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J Am Chem Soc. 2015 Jul 15;137(27):8810-8. doi: 10.1021/jacs.5b04407. Epub 2015 Jun 29.

Macromolecular Crystallography for Synthetic Abiological Molecules: Combining xMDFF and PHENIX for Structure Determination of Cyanostar Macrocycles.

Author information

1
†Beckman Institute for Advanced Science and Technology, University of Illinois at Urbana-Champaign, 405 North Mathews Avenue, Urbana, Illinois 61801, United States.
2
‡Molecular and Cellular Biochemistry Department, Indiana University, 212 South Hawthorne Drive, Bloomington, Indiana 47405, United States.
3
§Department of Chemistry, Indiana University, 800 East Kirkwood Avenue, Bloomington, Indiana 47405, United States.
4
∥Department of Physics, University of Illinois at Urbana-Champaign, 1110 West Green Street, Urbana, Illinois 61801, United States.

Abstract

Crystal structure determination has long provided insight into structure and bonding of small molecules. When those same small molecules are designed to come together in multimolecular assemblies, such as in coordination cages, supramolecular architectures and organic-based frameworks, their crystallographic characteristics closely resemble biological macromolecules. This resemblance suggests that biomacromolecular refinement approaches be used for structure determination of abiological molecular complexes that arise in an aggregate state. Following this suggestion we investigated the crystal structure of a pentagonal macrocycle, cyanostar, by means of biological structure analysis methods and compared results to traditional small molecule methods. Cyanostar presents difficulties seen in supramolecular crystallography including whole molecule disorder and highly flexible solvent molecules sitting in macrocyclic and intermolecule void spaces. We used the force-field assisted refinement method, molecular dynamics flexible fitting algorithm for X-ray crystallography (xMDFF), along with tools from the macromolecular structure determination suite PHENIX. We found that a standard implementation of PHENIX, namely one without xMDFF, either fails to produce a solution by molecular replacement alone or produces an inaccurate structure when using generic geometry restraints, even at a very high diffraction data resolution of 0.84 Å. The problems disappear when taking advantage of xMDFF, which applies an optimized force field to realign molecular models during phasing by providing accurate restraints. The structure determination for this model system shows excellent agreement with the small-molecule methods. Therefore, the joint xMDFF-PHENIX refinement protocol provides a new strategy that uses macromolecule methods for structure determination of small molecules and their assemblies.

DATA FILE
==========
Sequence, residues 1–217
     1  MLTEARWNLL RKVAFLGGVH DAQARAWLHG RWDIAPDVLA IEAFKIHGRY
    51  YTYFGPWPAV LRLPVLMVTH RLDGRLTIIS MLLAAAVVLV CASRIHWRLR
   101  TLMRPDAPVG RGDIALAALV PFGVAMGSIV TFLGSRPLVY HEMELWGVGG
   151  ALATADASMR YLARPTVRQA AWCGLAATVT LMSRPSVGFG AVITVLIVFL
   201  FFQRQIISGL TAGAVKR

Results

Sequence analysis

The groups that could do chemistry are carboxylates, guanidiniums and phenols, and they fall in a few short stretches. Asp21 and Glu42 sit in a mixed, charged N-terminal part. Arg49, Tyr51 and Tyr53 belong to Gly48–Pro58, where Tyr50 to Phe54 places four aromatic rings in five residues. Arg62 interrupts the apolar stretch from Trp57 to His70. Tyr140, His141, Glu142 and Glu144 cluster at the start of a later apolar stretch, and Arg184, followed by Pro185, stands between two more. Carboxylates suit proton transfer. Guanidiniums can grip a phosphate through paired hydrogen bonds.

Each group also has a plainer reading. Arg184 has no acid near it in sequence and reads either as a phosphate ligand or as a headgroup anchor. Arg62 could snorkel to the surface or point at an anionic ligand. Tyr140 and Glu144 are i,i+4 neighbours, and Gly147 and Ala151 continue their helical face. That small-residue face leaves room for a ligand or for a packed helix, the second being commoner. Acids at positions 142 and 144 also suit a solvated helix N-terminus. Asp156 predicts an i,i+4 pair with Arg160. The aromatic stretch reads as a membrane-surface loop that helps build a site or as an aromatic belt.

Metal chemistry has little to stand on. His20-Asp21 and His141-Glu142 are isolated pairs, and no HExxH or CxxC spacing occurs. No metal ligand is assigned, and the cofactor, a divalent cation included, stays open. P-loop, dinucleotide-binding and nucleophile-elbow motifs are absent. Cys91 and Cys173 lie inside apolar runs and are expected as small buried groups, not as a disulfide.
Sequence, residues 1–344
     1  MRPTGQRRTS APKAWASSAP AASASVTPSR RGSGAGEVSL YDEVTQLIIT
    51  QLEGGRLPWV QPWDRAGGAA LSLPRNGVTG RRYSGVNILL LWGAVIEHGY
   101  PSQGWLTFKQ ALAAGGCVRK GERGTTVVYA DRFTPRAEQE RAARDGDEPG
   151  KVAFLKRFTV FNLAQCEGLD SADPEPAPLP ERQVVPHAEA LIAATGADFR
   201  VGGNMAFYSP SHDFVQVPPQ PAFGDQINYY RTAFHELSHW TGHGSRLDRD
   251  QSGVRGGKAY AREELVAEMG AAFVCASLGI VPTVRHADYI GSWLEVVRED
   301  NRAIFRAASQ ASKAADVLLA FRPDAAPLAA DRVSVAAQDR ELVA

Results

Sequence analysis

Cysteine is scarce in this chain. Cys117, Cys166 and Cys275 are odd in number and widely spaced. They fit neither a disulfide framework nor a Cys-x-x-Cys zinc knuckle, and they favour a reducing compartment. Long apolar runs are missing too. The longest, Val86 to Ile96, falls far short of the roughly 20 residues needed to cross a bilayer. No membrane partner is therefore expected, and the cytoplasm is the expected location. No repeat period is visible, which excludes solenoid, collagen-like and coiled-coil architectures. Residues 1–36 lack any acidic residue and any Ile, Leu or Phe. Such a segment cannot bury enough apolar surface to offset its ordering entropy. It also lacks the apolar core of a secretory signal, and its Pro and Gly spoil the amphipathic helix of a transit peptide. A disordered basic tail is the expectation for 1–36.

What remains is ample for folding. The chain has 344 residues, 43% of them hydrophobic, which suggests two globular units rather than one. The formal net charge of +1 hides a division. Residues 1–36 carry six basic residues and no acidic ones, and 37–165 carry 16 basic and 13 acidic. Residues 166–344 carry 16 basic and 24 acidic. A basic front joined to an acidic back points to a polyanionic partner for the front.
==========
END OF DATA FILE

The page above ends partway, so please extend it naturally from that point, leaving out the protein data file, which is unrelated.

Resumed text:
PMID:
26121416
PMCID:
PMC4504762
DOI:
10.1021/jacs.5b04407
[Indexed for MEDLINE]
Free PMC Article

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